As Ani-too (Ani Sonam) left the room she said, “puja at 4 and dinner at 7:30”. So, after getting settled into my little room, which included a bit of redecorating—my gay gene kicking in—I took a nap and then made my way down to the main hall for puja a few minutes before 4 pm. Some of the nuns seem to have specific roles. There’s one who does the beating of the big gong to let everyone know it’s time for puja. She starts about 15 minutes or so before the start time and as the clock ticks closer she increases the frequency of the gongs. It’s a deep resonant gong that carries throughout the grounds and permeates the air adding a layer of intensity. This same nun seems to be a bit of a worker bee. After she finishes the job of alerting everyone, she then retreats to a back room of the main hall where I think she takes care of lighting butter lamps and washing water bowls that are used for offerings. Then there’s a second nun that takes these and performs various rituals up near the front of the hall, under the watchful eye of the Buddha and his co-horts—Padmasambhava and Manjushri. This trio of revered teachers sit side by side gleaming in gold and beautiful bright primary colors and rising up 25 feet or so from the floor. Tibetan Buddhist puja halls are colorful, ornate and impressive!
I placed my shoes outside the entrance and made my way through the curtains and into the hall. It’s customary to bow to the Buddha 3 times. It’s not just any old bow though. It’s a full prostration. So, I brought my hands together in prayer touched my thumbs to my forehead, mouth and heart in succession and then bent down to the floor to touch my forehead to the earth and then back up to repeat twice more. Not every Westerner’s cup of tea, I’m sure, but I find tradition, ritual and gestures of respect to be quite comforting and uplifting. Whether Buddhist or not, there are many reasons to honor the Buddha and the teachings he offered to the world. Sometimes I stop and ponder how incredible it is that there are three beings—Buddha, Jesus and Mohammed—that offered teachings so powerful that billions of people around the world are at least aware of them, and many still practice, today–some 2000 plus years later.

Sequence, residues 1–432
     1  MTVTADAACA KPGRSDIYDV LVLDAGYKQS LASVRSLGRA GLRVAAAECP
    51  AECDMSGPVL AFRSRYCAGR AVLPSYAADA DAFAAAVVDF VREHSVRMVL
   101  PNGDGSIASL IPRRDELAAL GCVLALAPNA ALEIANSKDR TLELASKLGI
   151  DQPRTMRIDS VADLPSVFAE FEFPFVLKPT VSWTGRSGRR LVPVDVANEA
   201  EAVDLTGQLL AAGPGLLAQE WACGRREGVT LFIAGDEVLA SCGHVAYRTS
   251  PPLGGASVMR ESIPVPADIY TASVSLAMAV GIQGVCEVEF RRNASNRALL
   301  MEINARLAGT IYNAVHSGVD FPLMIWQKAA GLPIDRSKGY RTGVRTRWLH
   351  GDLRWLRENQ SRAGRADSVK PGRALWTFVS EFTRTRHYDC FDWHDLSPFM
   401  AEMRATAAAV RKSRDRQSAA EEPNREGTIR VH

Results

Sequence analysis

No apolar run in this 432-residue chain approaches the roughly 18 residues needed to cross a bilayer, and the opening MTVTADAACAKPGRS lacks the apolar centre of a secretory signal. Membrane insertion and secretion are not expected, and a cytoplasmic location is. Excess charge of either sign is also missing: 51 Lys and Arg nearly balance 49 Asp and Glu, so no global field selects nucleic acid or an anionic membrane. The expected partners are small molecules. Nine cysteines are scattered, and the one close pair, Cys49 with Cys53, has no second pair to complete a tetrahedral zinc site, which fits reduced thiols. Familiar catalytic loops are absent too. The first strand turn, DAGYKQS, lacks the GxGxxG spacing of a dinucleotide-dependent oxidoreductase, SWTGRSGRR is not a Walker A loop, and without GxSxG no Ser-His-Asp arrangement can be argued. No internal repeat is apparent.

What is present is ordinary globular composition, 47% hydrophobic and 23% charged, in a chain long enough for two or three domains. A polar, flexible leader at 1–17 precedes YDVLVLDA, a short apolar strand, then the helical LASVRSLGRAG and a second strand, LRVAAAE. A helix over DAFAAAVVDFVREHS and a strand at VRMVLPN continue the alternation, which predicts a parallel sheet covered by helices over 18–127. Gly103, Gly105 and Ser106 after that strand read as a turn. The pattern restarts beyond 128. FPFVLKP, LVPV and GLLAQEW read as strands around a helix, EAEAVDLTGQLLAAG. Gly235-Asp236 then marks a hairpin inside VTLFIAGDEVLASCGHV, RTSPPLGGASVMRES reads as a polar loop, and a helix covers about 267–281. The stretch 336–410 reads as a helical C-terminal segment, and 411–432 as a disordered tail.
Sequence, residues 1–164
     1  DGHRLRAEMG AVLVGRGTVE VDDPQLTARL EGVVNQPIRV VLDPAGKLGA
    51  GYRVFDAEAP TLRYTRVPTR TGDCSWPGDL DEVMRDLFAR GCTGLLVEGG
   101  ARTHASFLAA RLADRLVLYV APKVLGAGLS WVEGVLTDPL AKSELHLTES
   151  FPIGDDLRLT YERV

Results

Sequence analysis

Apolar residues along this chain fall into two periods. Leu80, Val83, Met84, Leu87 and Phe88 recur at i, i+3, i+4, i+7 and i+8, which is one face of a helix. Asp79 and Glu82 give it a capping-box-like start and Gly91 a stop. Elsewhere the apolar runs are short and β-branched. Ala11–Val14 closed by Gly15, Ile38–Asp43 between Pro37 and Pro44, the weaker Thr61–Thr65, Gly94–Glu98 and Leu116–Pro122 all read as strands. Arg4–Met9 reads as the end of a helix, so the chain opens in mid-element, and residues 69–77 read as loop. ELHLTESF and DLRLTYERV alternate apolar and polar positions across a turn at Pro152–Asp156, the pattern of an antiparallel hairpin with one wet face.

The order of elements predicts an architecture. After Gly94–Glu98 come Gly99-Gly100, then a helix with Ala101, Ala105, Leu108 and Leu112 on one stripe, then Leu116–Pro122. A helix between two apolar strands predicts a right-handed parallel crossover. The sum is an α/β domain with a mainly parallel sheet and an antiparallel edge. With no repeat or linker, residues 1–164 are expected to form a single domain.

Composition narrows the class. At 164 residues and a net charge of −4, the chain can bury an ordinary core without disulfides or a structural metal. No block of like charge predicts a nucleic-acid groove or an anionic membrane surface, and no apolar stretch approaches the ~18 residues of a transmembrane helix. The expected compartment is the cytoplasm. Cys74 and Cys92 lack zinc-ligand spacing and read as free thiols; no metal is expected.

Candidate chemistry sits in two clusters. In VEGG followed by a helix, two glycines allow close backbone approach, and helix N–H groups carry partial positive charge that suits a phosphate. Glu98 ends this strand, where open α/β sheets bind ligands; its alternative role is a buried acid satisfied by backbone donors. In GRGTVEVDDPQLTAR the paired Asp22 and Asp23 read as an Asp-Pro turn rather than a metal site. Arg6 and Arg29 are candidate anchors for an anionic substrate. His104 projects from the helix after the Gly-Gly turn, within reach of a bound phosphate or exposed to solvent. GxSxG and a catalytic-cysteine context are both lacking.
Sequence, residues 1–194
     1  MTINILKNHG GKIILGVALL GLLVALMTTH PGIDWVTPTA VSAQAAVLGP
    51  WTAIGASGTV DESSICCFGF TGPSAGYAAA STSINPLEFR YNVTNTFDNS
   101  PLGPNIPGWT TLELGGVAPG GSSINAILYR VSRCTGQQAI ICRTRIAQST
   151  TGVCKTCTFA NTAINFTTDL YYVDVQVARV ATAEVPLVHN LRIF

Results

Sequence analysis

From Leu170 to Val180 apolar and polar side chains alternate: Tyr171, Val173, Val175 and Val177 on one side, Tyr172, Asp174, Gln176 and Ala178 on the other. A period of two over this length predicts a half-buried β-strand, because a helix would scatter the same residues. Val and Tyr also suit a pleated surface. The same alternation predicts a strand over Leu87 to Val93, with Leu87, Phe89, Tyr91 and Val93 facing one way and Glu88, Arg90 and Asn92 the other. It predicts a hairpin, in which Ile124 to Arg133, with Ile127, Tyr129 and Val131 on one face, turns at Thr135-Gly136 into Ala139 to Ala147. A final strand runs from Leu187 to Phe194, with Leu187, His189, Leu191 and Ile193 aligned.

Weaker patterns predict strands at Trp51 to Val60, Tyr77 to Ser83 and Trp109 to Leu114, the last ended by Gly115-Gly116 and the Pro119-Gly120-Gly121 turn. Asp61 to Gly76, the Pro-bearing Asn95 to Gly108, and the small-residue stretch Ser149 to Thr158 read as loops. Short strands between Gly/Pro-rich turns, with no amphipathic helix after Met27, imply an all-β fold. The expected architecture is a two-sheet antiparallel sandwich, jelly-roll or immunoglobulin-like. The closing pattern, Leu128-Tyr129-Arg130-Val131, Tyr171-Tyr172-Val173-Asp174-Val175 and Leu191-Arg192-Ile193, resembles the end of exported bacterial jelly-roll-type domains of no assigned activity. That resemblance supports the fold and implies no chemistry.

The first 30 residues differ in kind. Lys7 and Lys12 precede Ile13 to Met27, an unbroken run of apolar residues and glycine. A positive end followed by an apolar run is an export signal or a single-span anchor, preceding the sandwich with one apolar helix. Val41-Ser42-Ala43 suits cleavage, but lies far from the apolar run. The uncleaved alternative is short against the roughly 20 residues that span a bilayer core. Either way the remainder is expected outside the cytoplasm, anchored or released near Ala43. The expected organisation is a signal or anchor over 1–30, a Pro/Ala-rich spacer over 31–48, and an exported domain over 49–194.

Observers generally sit along the back and/or side walls of the hall, so I made my way in to have a seat. Moments later a young nun wearing bold framed glasses came over to offer me a cushion—a much welcome offering since the floor was quite cold! Nuns came ambling in, each doing their three prostrations before heading to their seats. The seating consists of long rows with flat boards, about as wide as a door, raised slightly off the floor with low cabinets in front of them. Each nun seems to have her spot, although I did notice some shifting throughout my time at the nunnery. The low cabinets are long and open in the back, so the nuns can store their things—bells, books, etc.—inside. Because it’s cold this time of year, at each seat, there’s a heavy maroon robe. At first glance the robes almost look like someone is sitting there. The nuns do this thing that has become second nature to them it seems. They pick up the robes with one hand and twirl it around to form a cone shape and then sit it on their seat when they get up to leave. So when they’re not seated and wearing the robe, they’re left as tidy, maroon, conical heaps throughout the room.
It’s hard to tell who starts the chanting or if it’s the same nun each time, but with some of the nuns in their seats and others still making their way in, the low, deep rumbling murmur of chanting began to take shape. At times it sounded quite similar to the monks down at the monastery. With the various instruments mixing in and coming back out it created quite a cacophony of sound. And then, here and there, without warning, it transformed into beautiful, feminine, melodic, trance inducing harmony. Those mesmerizing moments are powerful and the resonance felt as though it moved right through me.
After puja I retreated to the big tree for a sit. The moon was bright and about two-thirds full—feeling very close and heavy over the earth. The large prayer flags on tall poles waved in the wind. It was cool, but not cold. Young nuns were playing and their high-pitched voices carried through the air as they chatted, giggled and chased one another about. A beautiful first evening at the nunnery, which set the tone for my stay….
**Here’s a short clip I recorded during puja. I used my iPhone, so quality isn’t great, but I thought you might enjoy hearing a bit.